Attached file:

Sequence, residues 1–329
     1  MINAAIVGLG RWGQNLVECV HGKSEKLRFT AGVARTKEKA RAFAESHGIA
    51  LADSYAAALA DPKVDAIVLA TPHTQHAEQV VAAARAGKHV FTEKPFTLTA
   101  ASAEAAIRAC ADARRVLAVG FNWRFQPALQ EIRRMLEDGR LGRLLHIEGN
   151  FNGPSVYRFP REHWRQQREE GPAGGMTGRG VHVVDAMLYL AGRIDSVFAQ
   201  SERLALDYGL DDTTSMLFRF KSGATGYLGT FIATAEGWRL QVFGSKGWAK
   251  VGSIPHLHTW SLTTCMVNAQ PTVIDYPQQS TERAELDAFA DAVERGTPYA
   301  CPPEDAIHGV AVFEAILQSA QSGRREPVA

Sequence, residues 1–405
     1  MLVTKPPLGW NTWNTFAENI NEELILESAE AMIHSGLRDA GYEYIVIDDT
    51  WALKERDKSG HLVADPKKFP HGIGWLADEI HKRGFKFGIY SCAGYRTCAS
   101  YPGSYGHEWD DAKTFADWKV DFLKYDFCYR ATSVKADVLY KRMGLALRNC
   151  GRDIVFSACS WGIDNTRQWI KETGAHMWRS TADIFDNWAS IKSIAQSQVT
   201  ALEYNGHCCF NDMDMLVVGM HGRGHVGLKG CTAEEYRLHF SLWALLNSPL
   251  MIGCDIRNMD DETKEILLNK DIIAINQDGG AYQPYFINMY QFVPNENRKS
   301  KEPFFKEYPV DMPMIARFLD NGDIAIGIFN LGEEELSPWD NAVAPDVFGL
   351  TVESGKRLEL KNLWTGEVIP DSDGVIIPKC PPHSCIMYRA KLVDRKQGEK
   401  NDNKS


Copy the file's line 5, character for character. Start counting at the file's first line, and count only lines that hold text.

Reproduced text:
   151  FNGPSVYRFP REHWRQQREE GPAGGMTGRG VHVVDAMLYL AGRIDSVFAQ